Last year, the Detroit Science Center, one of the 10 largest such museums in America according to Wikipedia, closed its doors due to lack of funds. Just after Christmas, 2012, however, the Science Center reopened as the Michigan Science Center after being purchased by a nonprofit organization. The building is pretty large with lots of hands-on exhibits. Greg and I decided to check it out on Sunday.
When you first walk in, there's an exhibit on diabetes. It includes a refrigerator that raps a song about eating healthy when you open it. Not the most impressive exhibit, but the kids around us seemed to have fun with it. Across from that is an exhibit about an auto assembly line. Very Detroit.
There is another exhibit about construction with a walkable model of the Mackinac Bridge, and another exhibit just across the way of a 100 foot model replica of the Bridge that is really quite impressive. I tried to take a picture of the full length, but it was just too long.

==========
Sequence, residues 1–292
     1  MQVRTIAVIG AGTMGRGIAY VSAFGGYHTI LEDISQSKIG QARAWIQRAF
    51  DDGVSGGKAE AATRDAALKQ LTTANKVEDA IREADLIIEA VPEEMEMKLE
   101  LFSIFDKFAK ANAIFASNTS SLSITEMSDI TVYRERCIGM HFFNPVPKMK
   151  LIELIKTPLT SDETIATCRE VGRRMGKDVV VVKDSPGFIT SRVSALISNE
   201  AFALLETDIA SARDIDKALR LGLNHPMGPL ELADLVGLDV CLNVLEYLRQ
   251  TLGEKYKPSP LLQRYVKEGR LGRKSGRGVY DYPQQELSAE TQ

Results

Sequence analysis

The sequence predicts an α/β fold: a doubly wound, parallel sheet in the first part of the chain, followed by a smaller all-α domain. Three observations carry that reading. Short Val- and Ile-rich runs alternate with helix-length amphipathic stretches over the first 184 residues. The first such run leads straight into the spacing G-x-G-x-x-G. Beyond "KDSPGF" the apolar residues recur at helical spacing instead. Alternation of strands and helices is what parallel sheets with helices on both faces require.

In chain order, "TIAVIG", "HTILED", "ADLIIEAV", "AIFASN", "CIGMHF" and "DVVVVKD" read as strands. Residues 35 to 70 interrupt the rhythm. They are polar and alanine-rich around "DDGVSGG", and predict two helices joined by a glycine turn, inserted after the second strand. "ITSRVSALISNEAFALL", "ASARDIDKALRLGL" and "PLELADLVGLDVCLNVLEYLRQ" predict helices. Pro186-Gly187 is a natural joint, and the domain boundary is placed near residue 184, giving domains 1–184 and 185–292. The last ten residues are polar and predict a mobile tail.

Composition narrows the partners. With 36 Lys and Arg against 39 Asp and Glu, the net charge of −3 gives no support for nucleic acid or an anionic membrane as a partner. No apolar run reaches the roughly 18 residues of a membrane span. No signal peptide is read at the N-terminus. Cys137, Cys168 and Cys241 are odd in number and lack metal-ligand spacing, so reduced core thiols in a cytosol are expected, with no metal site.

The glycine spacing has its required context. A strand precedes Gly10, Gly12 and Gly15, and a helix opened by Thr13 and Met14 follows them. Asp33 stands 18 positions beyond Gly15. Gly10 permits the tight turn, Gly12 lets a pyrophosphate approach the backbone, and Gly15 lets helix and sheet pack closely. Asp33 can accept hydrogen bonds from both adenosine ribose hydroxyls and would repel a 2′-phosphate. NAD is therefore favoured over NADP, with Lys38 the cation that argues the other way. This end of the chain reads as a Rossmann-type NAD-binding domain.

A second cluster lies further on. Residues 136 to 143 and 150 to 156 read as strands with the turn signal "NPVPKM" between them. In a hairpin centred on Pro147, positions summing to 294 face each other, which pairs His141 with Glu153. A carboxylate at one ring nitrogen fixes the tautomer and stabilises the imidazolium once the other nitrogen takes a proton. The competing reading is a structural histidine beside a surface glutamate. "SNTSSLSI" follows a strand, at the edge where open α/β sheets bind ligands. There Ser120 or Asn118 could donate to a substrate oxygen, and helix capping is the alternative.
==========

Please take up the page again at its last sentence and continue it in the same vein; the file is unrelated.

On one side of the bridge exhibits is another exhibit about eating healthy, including a creepy couch with two giant potato creatures watching television. Naturally, Greg had to have his picture taken with them. It reminded me of this horrible children's book called Bud the Spud by Adam Byrn Tritt in which a child turns into a potato after watching too much television and is eaten by his family. Greg pointed out that within site of this couch was the food court, serving just the types of foods the exhibit warned against.
Anyway, there's also a NASA section that is not entirely functional yet. A lot of features of the various exhibits aren't fully operational, like the whack-a-mole junk food game that only put up one hot dog to whack, but we saw guys going around working on them, and we both felt pretty interested in what would be going into all the empty space that was under construction. We also thought we check out the IMAX theater another time.
We spent 2 to 3 hours there, so money well spent, I think. Their hours are kind of funky right now, mostly open on weekends. It wasn't very crowded on Sunday, so I wouldn't worry about fighting with crowds. Practically next door is the Detroit Institute of Arts, and across the street from that is the Detroit Historical Museum. If you're interested in a unique lunch experience, check out Good Girls Go to Paris Crepes just half a block away from the DIA. I highly recommend the hot Nutella. Beats the pants off hot cocoa any day.